Chipo Katsidzira Post Reporter
AT least 300 Buhera families that were left homeless after last year’s devastating Cyclone Idai are set to benefit from Roman Catholic Church Mutare Diocese’s Caritas Zimbabwe’s housing and toilet facilities response intervention scheme.
As part of its Cyclone Idai response interventions, the Mutare-based development partner has already constructed 120 one- and two-roomed houses, as well as 630 toilets in wards 27, 28, 29 and 33 in the district.
In an interview, Caritas Zimbabwe programmes manager, Mr Nhamo Hondoyomoto, said they had already constructed 120 houses which have since been occupied by some of the affected families.
He said the remaining 183 houses are nearing completion.
The families had been temporarily housed in tents for the past year.
Through the Civil Protection Department, Caritas Zimbabwe identified the communities and instituted an emergency recovery programme soon after the disaster.
This saw the organisation distributing foodstuffs to 620 households for six months.
“Buhera District has been underreported when it comes to the effects of Cyclone Idai. At least a thousand people in Buhera were affected and their houses were completely destroyed.
“They were left with nothing after the disaster. They had no houses, no toilets and no safe drinking water and as Caritas Zimbabwe, we have decided to lessen their burden,” said Mr Hondoyomoto.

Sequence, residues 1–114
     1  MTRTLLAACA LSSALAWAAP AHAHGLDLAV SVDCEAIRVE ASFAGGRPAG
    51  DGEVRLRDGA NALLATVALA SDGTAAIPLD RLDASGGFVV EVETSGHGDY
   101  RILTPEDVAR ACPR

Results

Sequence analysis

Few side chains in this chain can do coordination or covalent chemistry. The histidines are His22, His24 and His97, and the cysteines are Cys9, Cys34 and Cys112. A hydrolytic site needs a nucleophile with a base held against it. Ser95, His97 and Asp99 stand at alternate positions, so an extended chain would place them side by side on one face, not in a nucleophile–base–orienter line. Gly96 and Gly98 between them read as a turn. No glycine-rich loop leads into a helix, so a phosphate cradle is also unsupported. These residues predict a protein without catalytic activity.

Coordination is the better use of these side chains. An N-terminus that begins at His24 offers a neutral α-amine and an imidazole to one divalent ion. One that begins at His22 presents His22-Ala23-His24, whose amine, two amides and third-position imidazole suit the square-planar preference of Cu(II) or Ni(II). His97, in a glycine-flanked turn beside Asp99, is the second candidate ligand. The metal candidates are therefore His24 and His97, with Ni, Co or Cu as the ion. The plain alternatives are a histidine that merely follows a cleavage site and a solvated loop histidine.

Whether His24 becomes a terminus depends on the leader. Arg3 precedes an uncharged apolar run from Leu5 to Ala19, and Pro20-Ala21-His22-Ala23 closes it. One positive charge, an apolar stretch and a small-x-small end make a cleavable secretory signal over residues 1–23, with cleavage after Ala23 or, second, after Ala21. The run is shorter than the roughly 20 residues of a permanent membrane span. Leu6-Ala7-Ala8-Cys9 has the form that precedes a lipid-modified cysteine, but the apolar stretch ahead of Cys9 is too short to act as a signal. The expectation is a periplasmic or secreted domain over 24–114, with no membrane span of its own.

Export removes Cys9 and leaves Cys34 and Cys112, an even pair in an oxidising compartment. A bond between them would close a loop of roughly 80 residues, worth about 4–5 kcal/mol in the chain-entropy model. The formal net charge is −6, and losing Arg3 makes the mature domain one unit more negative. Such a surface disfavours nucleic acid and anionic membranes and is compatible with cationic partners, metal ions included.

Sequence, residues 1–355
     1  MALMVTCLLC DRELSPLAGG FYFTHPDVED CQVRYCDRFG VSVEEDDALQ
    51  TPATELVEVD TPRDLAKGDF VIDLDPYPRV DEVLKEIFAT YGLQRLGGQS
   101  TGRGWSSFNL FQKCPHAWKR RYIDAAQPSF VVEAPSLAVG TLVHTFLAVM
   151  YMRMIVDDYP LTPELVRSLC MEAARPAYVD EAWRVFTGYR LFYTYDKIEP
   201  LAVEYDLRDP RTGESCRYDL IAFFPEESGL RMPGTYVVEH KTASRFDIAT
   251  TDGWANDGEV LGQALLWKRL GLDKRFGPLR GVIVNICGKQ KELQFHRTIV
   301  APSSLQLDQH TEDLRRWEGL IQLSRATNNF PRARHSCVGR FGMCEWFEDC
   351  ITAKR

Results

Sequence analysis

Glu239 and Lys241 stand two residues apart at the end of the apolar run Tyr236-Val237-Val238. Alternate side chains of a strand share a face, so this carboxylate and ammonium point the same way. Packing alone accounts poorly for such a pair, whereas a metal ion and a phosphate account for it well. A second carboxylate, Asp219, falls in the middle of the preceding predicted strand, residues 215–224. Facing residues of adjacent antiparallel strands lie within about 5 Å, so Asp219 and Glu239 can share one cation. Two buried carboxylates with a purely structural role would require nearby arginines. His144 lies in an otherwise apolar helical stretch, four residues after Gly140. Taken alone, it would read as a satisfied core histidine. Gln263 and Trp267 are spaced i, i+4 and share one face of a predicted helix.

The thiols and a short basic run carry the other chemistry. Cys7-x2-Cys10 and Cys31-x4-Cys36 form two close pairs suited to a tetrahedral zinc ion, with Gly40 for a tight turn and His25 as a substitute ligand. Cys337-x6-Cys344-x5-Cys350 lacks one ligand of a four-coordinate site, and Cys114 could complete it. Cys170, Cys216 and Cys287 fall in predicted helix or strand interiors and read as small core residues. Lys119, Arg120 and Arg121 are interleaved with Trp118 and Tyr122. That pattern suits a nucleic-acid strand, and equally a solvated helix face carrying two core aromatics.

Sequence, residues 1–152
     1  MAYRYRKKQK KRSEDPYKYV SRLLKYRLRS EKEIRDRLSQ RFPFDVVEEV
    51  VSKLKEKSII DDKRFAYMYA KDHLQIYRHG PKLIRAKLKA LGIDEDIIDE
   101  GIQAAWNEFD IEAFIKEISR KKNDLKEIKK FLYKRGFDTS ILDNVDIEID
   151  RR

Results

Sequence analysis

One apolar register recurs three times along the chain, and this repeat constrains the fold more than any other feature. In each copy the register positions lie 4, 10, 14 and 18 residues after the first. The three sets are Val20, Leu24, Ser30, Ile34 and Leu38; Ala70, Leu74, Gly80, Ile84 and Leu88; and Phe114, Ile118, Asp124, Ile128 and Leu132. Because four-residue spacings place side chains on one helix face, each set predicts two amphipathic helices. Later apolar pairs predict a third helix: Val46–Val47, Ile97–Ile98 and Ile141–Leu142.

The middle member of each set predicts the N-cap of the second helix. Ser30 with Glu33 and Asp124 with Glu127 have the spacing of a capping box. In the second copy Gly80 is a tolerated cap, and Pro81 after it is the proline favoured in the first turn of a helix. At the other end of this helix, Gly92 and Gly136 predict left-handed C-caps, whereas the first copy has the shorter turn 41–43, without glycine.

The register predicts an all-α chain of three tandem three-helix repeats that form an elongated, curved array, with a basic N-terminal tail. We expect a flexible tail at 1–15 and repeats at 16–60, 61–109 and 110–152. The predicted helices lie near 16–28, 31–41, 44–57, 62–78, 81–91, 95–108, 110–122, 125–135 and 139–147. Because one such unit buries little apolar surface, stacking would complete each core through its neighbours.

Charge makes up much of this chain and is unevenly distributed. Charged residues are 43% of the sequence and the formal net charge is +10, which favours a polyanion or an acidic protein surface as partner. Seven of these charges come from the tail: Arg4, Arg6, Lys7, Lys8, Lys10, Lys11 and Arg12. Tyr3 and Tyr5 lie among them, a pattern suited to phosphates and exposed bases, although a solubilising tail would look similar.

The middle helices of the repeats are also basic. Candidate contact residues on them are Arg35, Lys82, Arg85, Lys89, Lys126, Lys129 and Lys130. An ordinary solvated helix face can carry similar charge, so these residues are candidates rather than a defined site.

He said priority was being given to the most vulnerable members of the society. These included the old people, female and child-headed families, the physically challenged and pregnant women.
Mr Hondoyomoto also said allocations of houses were being done depending on family sizes.
Caritas Zimbabwe has also drilled and rehabilitated 27 boreholes in Buhera, Chipinge and Chimanimani to ease water challenges.
Roman Catholic Church Mutare Diocese Bishop Paul Horan said acute water shortages in Buhera, which were forcing villagers to fetch domestic water from unprotected sources while putting their lives at risk of contracting water-borne diseases, was the main reason behind the borehole project.
“We hope the borehole water will go a long way in easing the severe water challenges being faced by the villagers. We hope the availability of water will improve with the installation of these new boreholes,” he said.
A Catholic priest, Father Isdore Madzirashe, said they had also embarked on piped water schemes and distribution of agricultural inputs in Chimanimani.
“We are also assisting Chimanimani villagers with agricultural inputs, including goats and chickens to enhance small livestock projects which will boost household finances, confidence and self-sufficiency among rural women.
“These women will no longer rely on their husbands for money, groceries and school fees for their children,” he said.
Caritas Zimbabwe is also carrying out solid waste management at Chimanimani and Buhera clinics.